The Pros and Cons of Remote Cabin Living

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It’s been months now that I’ve called Rocky Mountain National Park home, and much like Canyonlands and Mesa Verde, I’m finding this park to be incredibly beautiful, complex, thrilling, and full of unique challenges. Besides the greenery (which I’m loving, by the way), probably the most different aspect to living here versus my past park experiences is our housing situation. While my housing at both Mesa Verde and Canyonlands was much more remote as far as distance to the nearest town, those houses were modern and situated in fairly populated housing areas. There are only a cluster of cabins where I live now, and while it’s just a ten minute drive to town, the road is unpaved and at times pretty gnarly. It’s quiet over here, and I’m feeling that more so now than in any other park that I’ve lived in.

Wondering what it’s like to live in a historic cabin inside of a National Park? Wonder no more:

The Pros

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The View

No doubt about it, our view is pretty freaking awesome. Looking over a serene valley with two meandering streams and an abundance of wildlife (the elk in particular love to linger in our front yard), it’s hard to beat a sunset from our porch. The fire ring situated just feet from the house definitely sweetens the deal (we live in a National Park remember, you can’t just build a campfire anywhere!). I particularly love the smell of the forest that surrounds our house. After a long day of working with children (who are lovely, but not always pleasantly fragranced), I find the thick pine scent to be immediately calming as I get out of my car.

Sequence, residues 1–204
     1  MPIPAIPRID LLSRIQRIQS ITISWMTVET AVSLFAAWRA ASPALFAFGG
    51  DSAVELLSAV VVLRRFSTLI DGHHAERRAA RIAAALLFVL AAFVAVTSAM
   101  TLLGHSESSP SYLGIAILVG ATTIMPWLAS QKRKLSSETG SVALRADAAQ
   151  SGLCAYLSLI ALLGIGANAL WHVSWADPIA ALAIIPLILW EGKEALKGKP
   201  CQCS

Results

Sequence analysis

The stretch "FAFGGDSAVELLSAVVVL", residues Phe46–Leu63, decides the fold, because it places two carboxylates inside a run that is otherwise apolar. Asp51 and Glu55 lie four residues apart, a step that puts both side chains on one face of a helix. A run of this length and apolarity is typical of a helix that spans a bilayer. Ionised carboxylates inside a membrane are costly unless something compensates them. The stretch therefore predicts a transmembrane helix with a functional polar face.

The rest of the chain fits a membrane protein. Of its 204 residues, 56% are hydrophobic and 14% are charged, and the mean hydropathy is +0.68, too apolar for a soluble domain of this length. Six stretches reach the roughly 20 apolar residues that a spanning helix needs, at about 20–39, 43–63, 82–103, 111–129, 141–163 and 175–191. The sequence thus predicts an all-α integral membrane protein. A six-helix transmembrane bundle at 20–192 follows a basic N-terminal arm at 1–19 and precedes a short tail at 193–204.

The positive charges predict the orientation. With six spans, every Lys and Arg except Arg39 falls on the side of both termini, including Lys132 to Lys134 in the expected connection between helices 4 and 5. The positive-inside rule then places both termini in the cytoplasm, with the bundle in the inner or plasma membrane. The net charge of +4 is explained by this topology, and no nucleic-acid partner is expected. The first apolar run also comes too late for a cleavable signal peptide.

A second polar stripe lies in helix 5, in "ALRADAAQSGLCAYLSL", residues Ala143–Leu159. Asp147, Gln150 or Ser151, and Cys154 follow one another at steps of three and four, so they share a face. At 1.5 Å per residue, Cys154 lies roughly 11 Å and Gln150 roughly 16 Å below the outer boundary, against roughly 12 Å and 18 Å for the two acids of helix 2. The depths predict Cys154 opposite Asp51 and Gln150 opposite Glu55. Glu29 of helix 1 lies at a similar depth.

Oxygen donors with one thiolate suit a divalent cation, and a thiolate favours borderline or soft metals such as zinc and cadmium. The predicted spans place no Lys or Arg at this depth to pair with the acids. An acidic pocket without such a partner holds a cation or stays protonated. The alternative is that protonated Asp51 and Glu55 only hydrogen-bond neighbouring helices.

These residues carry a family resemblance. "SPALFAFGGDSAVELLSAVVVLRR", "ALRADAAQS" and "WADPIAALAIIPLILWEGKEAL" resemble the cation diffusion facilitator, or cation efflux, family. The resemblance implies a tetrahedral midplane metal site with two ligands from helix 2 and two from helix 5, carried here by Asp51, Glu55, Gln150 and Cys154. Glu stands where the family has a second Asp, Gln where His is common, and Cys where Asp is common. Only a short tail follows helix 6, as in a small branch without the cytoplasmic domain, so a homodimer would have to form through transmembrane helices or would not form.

The Solitude

Sure, I haven’t bonded with the park employees in the cabins around us the way I have with my park neighbors in the past. But there’s something to be said for quiet. The quiet here is especially pleasant. It’s not the deafening silence of the deserts I’d grown accustomed to; instead it’s very much full of sound – wind blowing flexible branches in tall trees, hummingbirds buzzing by, thunderstorms on the regular, and all sorts of other animal songs. And when I really need a dose of the human world, our radio gets excellent reception of the local NPR station.

The Neighbors

I don’t have to move from my perch at our table to enjoy world-class wildlife viewing. Deer, elk, moose, and bear have all wandered by my window. No need for one of those fancy super zoom lenses here. I am especially fond of a hummingbird who has built her nest right in front of my window. I call her Florence. I know she loves me too.

The Cons

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The Commute

I’ll admit, sometimes the rocky road makes me nervous – especially when we first moved in and found ourselves snowed in within hours. I particularly hate when I encounter an oncoming vehicle, as the steepest part of our road is not wide enough to make for a particularly comfortable pass. And then, having to wait in the often long line at the entrance station to get home at the end of the day just isn’t super fun.

The Dirt

Our cabin dates to the 1930s. Who’s to say if it’s age or shotty workmanship – either way, there are a lot of cracks in this house. That makes sweeping a constant job. I can literally not keep up with the dirt on these beautiful, original, hard-wood floors!

The Roommates

So, technically Austin and I are living in a one-bedroom unit. But unofficially, we are sharing this house with at least a dozen eight-legged companions. I initially waged war with the spiders when we moved in, but after waking up one rainy morning to a fly-infested kitchen, I decided to let them stay.

The Neighbors

So, Florence is great. Our resident bear (who I have named Goldie, thanks to her blonde back) – not so much. She’s cute and all, but a bit of a point of stress for the neighborhood. She’s broken into two houses already and we are doing everything we can to scare her away so she won’t have to be put down. Believe it or not, keeping a can of bear spray by your front door is not always conducive to relaxation.

All and all though, I’m feeling enormously thankful once again to be living in such a beautiful place. And with lots of exciting adventures on the horizon (more on that soon), I’ve spent a lot of time at my window pondering whether I’ll ever have the privilege of a view like this again.

I guess only time will tell.

3 thoughts on “The Pros and Cons of Remote Cabin Living

  1. As always your words have brought me to the place where you are. Thanks so much! Hope the rest of your season is great (and the bear doesn’t cause anymore problems).

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